Facts, information and articles about Homestead Act, an event of Westward Expansion from the Wild West
Homestead Act summary: The Homestead Act was a U.S. law that enabled adult Americans to acquire ownership of land in the United States at the minimum cost. The first Homestead Act was passed on May 20, 1862 for the purposes of accelerating the settlement of the western territories. It was signed into law by the President Abraham Lincoln. Anyone older than 21 was eligible provided they never took up arms against the US government. This included women and liberated slaves as well.
The homestead laws were proposed several times before the Civil War, but the southern states always voted against them because the homestead principle was related to the Northern policy of “Free Soil” that enabled people to claim and farm their own land. The rich southern slave owners saw this concept as a threat because they feared that the political influence of the free states will be increased in the west. That’s why the first Homestead Act was passed during the Civil War in 1862, when there was no opposition from the South.
By this Act, any adult citizen who never went to war against US government could claim 160 acres of federal land. There were also some conditions that had to be fulfilled: the claimants had the obligation to build a house on the lot they acquired and they had to farm the land. Their task was to improve the land they got. They had to spend 5 years on that land in order to become owners and they only needed to pay a small fee.
Articles Featuring The Homestead Act From History Net Magazines
January – February 1863Emancipation causes a stir both North and South, and a section of Virginia prepares to secede—from Virginia January 1 – The Emancipation Proclamation takes effect—as does the Homestead Act, signed into law the previous May. The first recorded homestead claim is by Union Army scout Daniel Freeman, near Beatrice, Nebraska Territory. 3 – Federals win …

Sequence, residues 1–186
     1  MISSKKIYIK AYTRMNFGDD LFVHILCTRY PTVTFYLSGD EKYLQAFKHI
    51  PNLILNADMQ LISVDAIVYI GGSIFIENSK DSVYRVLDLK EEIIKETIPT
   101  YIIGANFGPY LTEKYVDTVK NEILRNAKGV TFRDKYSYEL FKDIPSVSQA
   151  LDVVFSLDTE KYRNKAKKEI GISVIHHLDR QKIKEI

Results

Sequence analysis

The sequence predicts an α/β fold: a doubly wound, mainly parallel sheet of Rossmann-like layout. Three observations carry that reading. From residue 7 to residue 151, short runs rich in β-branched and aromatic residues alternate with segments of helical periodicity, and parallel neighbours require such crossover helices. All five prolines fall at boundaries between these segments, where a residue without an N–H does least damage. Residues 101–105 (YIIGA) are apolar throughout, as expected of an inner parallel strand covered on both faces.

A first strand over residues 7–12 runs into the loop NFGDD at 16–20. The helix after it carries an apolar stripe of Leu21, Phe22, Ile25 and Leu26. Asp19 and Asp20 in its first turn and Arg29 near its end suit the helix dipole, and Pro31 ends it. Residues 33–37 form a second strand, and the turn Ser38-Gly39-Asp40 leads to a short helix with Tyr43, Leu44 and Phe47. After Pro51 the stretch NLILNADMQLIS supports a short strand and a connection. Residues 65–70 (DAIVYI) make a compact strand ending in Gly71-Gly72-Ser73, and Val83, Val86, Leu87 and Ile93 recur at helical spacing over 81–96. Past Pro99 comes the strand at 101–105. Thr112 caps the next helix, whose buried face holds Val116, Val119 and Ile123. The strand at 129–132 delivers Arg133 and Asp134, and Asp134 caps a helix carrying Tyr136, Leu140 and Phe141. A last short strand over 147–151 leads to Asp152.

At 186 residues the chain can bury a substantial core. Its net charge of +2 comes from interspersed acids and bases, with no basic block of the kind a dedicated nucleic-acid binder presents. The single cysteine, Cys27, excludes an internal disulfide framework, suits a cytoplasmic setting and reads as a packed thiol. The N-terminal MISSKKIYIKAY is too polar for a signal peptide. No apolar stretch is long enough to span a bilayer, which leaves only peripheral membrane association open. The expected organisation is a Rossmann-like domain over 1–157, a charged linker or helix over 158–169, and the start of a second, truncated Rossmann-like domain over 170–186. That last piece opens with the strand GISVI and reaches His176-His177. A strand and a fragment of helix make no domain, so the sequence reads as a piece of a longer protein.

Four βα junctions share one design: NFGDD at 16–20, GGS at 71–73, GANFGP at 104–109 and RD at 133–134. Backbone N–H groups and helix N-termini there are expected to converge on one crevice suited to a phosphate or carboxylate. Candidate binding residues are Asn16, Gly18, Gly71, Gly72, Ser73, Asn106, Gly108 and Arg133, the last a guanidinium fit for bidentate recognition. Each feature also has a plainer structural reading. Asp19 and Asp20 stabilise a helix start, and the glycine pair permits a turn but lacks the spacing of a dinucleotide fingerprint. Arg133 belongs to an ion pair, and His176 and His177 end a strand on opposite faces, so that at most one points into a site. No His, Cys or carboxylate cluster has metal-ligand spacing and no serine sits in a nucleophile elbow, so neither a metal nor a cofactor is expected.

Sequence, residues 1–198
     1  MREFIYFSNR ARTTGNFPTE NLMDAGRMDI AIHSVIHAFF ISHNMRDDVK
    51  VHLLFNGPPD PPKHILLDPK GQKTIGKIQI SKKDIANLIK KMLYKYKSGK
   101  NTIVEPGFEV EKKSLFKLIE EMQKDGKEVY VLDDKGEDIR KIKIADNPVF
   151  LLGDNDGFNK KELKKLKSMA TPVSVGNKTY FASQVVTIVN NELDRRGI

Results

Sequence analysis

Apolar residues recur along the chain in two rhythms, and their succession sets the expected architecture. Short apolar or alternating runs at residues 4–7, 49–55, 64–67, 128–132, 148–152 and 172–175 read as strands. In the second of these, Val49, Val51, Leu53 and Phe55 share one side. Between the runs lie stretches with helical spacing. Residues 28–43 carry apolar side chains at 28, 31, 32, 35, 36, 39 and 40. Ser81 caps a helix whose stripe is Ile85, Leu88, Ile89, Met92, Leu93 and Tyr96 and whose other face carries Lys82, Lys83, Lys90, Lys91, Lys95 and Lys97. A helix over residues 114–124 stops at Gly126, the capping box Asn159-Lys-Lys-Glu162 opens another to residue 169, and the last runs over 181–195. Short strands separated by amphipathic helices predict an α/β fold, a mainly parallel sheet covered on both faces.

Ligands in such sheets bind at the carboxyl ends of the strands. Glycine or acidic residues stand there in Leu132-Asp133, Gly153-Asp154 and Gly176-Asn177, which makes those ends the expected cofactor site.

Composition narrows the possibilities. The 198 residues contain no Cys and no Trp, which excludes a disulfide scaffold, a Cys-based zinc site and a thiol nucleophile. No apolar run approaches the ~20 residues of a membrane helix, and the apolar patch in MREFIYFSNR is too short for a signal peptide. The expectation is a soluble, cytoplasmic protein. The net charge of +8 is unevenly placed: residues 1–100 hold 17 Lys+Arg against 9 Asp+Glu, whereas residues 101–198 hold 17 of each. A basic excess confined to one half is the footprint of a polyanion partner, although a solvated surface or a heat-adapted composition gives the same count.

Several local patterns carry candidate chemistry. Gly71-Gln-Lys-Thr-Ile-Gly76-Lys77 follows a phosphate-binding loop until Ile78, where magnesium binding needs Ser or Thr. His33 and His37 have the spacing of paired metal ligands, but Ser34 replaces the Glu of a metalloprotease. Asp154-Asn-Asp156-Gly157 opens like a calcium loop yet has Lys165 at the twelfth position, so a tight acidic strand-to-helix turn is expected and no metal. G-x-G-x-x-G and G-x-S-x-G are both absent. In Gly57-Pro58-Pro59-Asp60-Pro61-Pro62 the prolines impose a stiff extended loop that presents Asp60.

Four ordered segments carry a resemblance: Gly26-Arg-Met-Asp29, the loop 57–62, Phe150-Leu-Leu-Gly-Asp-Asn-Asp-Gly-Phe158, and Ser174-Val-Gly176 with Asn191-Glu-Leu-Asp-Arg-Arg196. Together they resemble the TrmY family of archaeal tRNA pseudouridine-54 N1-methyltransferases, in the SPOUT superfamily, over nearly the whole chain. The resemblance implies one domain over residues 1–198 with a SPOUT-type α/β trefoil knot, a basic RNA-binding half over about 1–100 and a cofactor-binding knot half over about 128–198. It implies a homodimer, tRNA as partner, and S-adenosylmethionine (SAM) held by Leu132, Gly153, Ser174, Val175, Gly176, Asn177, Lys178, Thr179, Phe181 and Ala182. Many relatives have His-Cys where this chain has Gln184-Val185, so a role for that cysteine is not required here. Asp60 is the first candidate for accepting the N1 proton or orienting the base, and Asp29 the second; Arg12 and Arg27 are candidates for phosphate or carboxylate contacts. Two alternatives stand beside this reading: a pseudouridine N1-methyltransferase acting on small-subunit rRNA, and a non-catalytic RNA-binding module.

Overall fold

Daily Quiz for September 17, 2012The last person to file a claim under the United States 1862 Homestead Act filed it in this state:
1862: May and JuneLincoln urges farmers to go west, McClellan stalls and a new Rebel commander takes over May 3 – Confederate General Joseph Johnston orders troops to evacuate Norfolk, Va. Evacuation is completed May 10, and on May 11, the crew of the CSS Virginia burn the ship because it is too heavy to flee up the …
Wild West – February 2012 – Table of ContentsThe February 2012 issue of Wild West features stories about the Homestead Act of 1862, Prohibition cowboy Richard "Two-Gun" Hart, Arizona's and New Mexico's respective statehood centennials, the conflicting stories of a Fort Laramie hanging, and the Battle of the Hot Springs (Ark.) Gamblers.
Wild West Discussion – February 2012The U.S. government passed the Homestead Act 150 years ago to prompt Americans to settle the Great Plains. Would you have jumped at the chance to claim your own “free” land in a remote, difficult environment where Indian attacks were common and law and order was scarce?
Letter from Wild West – February 2012In 2012 Americans will mark the 150th anniversary of the Homestead Act, while New Mexicans and Arizonans throw their respective 100th birthday parties.
Wild West – April 2009 – Table of ContentsAbraham Lincoln, bandit Joaquin Murrieta, outlaw Bill Downing, the ingenious chuck wagon and the incident that inspired the film The Searchers are all featured in the April 2009 issue of Wild West magazine
Letter from Wild West – October 2008Historian Robert Utley examines how the white men in charge made a mess of relations with Indians on the Western frontier. Extermination, if never an official policy, was in fact the order of the day in mid-19th-century California and elsewhere.
Daily Quiz for April 12, 2008Nebraska was admitted to the Union as the 37th state in this year.
Oklahoma Panhandle: Badmen in No Man’s LandUntil the last decade of the 19th Century, the long, narrow strip that would become known as the Oklahoma Panhandle had no government and plenty of men who didn't mind at all.